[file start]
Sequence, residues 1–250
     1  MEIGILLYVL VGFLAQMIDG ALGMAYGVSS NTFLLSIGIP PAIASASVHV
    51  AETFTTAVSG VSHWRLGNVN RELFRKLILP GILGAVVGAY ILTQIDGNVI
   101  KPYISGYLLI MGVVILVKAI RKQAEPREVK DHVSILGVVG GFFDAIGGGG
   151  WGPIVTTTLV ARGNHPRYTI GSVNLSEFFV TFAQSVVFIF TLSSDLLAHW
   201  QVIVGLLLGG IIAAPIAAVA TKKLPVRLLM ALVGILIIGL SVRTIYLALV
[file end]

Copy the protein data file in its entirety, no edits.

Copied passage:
Sequence, residues 1–250
     1  MEIGILLYVL VGFLAQMIDG ALGMAYGVSS NTFLLSIGIP PAIASASVHV
    51  AETFTTAVSG VSHWRLGNVN RELFRKLILP GILGAVVGAY ILTQIDGNVI
   101  KPYISGYLLI MGVVILVKAI RKQAEPREVK DHVSILGVVG GFFDAIGGGG
   151  WGPIVTTTLV ARGNHPRYTI GSVNLSEFFV TFAQSVVFIF TLSSDLLAHW
   201  QVIVGLLLGG IIAAPIAAVA TKKLPVRLLM ALVGILIIGL SVRTIYLALV